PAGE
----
As the creator of many an outlandish gown in Big Fat Gypsy Weddings, dressmaker Thelma Madine is used rising to a challenge. This week, a new Channel 4 show, Thelma’s Gypsy Girls, sees her take on her toughest assignment to date by training up 10 young travellers to be seamstresses at her Liverpool-based company. We caught up with her to find out more... Why did you want to do the show? “Because travellers have helped to put me where I am today. These girls are excited when they come in for their wedding dresses, but a couple of years later they are deflated. I wanted to show them there is choice, that you can have a career.” Has it been daunting because you are also putting a lot of money into expanding your business? “I’ve been bankrupt before and lost everything and even some of our traveller customers have warned me the girls would ruin my business, so it is frightening. I have had sleepless nights.” Did the girls struggle to adjust to the working world? “Yes, some left school at 11, so how can I teach them to sew A to B when they don’t recognise A and B? School also shows you how to act around other people and gives you rules to abide by, but these girls think they can do what they want, demand attention all the time and act very young. I have been sterner than Alan Sugar with them and my language has been bluer.” Do you want the series to change opinions both in the traveller community and outside of it? “Yes, because it’s sad that we are in the 21st century and the girls have been kept down. We’re trying to change perspectives to show it is just about them gaining self-respect. I also hope the series will make people understand travellers a bit more because I have worked with them for years, but this has opened even my eyes.” Was the process rewarding in the end? “Definitely. Halfway through they started getting used to that wage slip and they would plan what to do with it and save it up; they loved the independence of their own money. One said she couldn’t go back to cleaning the caravan because she felt like a dosser. They even wanted to come in at evenings and on Saturdays.” How has Big Fat Gypsy Weddings impacted on your life? “I have got a flourishing business and we have got an order book that is full all the time – we even get orders from Australia and the USA. I get recognised all the time and people are very polite, but I don’t go out that much! I can’t see myself on something like Celebrity Big Brother like Paddy Doherty. He had nothing to lose, but I have a business to lose. Why do you think the series has been so popular? “It is because it is such a secret community. I knew it would captivate everybody because having worked with travellers for years I have mentioned things that have happened with clients to other people and they are just gobsmacked.” Big Fat Gypsy Weddings begins on Sunday 8 July on Channel 4 at 9pm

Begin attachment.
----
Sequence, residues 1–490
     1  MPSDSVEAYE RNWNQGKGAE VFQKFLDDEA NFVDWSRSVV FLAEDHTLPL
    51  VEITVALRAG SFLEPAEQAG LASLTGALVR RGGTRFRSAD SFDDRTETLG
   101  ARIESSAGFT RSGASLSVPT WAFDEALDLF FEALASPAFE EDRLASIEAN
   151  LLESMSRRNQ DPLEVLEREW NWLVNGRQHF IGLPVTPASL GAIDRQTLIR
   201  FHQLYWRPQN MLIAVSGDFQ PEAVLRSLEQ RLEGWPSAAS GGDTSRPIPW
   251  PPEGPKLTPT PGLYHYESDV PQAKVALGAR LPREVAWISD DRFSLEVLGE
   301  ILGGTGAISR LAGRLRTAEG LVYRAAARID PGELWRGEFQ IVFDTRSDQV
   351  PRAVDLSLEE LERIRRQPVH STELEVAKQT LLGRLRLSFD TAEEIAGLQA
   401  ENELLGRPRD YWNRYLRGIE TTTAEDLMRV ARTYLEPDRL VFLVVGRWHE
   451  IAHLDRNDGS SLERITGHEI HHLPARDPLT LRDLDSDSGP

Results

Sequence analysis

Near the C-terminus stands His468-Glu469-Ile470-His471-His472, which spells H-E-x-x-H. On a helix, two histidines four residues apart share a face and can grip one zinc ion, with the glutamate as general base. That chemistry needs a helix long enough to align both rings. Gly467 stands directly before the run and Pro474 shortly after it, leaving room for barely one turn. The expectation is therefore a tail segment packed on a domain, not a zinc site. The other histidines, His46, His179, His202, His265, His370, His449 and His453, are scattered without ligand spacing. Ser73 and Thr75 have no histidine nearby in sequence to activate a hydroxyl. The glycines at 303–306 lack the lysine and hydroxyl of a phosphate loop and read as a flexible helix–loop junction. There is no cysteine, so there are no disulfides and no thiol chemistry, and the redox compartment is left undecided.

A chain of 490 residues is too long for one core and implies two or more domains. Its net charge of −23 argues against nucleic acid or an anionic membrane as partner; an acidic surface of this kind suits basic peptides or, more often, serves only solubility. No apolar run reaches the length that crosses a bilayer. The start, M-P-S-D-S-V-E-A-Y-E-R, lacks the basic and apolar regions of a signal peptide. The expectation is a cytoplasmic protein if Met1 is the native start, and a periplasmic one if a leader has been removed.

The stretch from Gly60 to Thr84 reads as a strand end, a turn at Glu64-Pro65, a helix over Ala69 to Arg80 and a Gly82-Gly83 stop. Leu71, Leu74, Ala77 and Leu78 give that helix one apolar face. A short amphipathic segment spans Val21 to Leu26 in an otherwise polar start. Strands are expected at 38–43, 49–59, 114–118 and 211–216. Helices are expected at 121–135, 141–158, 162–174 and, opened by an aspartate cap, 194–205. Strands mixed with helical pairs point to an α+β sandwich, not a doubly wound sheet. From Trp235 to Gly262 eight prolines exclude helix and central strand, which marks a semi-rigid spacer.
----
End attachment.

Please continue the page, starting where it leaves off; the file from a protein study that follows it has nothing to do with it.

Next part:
Patrick McLennan is a London-based journalist and documentary maker who has worked as a writer, sub-editor, digital editor and TV producer in the UK and New Zealand. His CV includes spells as a news producer at the BBC and TVNZ, as well as web editor for Time Inc UK. He has produced TV news and entertainment features on personalities as diverse as Nick Cave, Tom Hardy, Clive James, Jodie Marsh and Kevin Bacon and he co-produced and directed The Ponds, which has screened in UK cinemas, BBC Four and is currently available on Netflix.
An entertainment writer with a diverse taste in TV and film, he lists Seinfeld, The Sopranos, The Chase, The Thick of It and Detectorists among his favourite shows, but steers well clear of most sci-fi.
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